To test the effectiveness of counterfeit deterrence features recently introduced in US currency, observers were asked to discriminate genuine from counterfeit bills using a two-alternative forced-choice task. In Experiment 1, observers judged $100s with the new and old designs after receiving training in the deterrence features of each design. The counterfeits were representative of two common print processes: inkjet and offset printing. Judgments were made on whole bills, on individual features with the whole bill unmasked, and on individual features with only that feature visible. In Experiment 2, different observers judged $100s without any training. They then were trained and judged $50s and $20 bills. Taken together, the two experiments indicate that people are good at detecting counterfeits, that inkjet counterfeits are easier to detect than offset counterfeits, and that counterfeits of the newly designed bills are easier to detect than counterfeits of the older series. The design improvement was greatest with $100 bills and, to a lesser extent, $50 bills. Improvement was minimal with $20 bills, very likely because observers were very accurate for both series of $20s. Finally, some deterrence features were more useful than others in aiding discriminations.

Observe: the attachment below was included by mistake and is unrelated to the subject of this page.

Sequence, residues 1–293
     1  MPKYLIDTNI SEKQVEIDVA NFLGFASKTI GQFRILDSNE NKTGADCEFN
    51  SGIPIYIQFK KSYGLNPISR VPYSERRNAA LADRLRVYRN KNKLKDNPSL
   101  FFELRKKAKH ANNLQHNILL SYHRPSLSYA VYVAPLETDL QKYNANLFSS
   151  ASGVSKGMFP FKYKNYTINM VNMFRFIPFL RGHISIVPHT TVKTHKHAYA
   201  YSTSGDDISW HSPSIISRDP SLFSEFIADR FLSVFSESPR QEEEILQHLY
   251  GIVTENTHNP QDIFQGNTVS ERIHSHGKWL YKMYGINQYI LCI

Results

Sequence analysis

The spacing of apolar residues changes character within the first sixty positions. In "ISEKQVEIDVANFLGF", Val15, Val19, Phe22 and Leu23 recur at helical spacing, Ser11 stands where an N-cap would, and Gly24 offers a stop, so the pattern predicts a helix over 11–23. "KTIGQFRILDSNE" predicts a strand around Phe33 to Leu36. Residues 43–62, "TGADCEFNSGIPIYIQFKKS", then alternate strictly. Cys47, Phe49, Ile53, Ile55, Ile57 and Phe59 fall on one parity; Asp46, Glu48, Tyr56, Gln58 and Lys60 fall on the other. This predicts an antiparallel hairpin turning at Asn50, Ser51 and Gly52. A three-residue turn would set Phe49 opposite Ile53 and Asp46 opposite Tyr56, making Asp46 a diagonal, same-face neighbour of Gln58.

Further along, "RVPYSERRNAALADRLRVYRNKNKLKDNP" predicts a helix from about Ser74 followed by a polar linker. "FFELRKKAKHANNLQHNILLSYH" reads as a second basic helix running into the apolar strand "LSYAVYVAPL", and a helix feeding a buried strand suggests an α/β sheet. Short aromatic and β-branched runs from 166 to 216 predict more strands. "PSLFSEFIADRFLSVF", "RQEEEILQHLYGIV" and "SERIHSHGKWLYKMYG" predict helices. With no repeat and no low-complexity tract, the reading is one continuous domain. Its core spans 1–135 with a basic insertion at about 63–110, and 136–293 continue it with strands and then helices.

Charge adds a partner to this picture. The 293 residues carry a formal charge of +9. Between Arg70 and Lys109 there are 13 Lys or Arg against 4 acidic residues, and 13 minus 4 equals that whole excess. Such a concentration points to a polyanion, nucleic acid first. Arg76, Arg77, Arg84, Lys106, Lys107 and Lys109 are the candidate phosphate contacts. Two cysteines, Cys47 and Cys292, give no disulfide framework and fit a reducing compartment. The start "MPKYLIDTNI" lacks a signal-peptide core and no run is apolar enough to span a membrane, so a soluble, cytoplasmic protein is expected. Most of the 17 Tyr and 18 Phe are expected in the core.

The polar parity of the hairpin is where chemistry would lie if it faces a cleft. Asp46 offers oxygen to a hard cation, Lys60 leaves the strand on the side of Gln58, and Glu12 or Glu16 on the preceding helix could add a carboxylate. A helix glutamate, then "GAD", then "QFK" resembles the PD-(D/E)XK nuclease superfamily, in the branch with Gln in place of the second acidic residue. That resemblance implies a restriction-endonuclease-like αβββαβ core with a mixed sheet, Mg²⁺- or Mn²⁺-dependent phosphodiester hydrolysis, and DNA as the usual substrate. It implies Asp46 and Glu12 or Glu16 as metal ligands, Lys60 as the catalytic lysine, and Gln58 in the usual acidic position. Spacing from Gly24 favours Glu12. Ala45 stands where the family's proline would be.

|Number of pages||16|
|Journal||Proceedings of SPIE: Optical Security and Counterfeit Deterrence Techniques IV|
|Publication status||Published - 2002|